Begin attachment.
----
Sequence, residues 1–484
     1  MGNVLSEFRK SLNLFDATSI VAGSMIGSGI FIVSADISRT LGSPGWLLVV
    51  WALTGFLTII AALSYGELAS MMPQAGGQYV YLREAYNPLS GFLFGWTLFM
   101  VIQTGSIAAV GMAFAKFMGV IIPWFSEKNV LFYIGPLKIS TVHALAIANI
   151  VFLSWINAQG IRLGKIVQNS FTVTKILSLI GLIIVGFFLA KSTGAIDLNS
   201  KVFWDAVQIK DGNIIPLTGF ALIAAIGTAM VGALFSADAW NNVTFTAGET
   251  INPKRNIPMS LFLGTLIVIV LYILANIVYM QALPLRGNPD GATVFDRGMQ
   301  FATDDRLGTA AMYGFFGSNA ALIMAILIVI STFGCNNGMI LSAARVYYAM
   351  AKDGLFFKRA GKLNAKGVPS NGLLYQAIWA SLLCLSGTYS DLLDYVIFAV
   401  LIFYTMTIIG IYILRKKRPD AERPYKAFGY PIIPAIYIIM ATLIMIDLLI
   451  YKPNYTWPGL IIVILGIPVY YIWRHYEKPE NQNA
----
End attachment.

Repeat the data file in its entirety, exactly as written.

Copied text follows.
Sequence, residues 1–484
     1  MGNVLSEFRK SLNLFDATSI VAGSMIGSGI FIVSADISRT LGSPGWLLVV
    51  WALTGFLTII AALSYGELAS MMPQAGGQYV YLREAYNPLS GFLFGWTLFM
   101  VIQTGSIAAV GMAFAKFMGV IIPWFSEKNV LFYIGPLKIS TVHALAIANI
   151  VFLSWINAQG IRLGKIVQNS FTVTKILSLI GLIIVGFFLA KSTGAIDLNS
   201  KVFWDAVQIK DGNIIPLTGF ALIAAIGTAM VGALFSADAW NNVTFTAGET
   251  INPKRNIPMS LFLGTLIVIV LYILANIVYM QALPLRGNPD GATVFDRGMQ
   301  FATDDRLGTA AMYGFFGSNA ALIMAILIVI STFGCNNGMI LSAARVYYAM
   351  AKDGLFFKRA GKLNAKGVPS NGLLYQAIWA SLLCLSGTYS DLLDYVIFAV
   401  LIFYTMTIIG IYILRKKRPD AERPYKAFGY PIIPAIYIIM ATLIMIDLLI
   451  YKPNYTWPGL IIVILGIPVY YIWRHYEKPE NQNA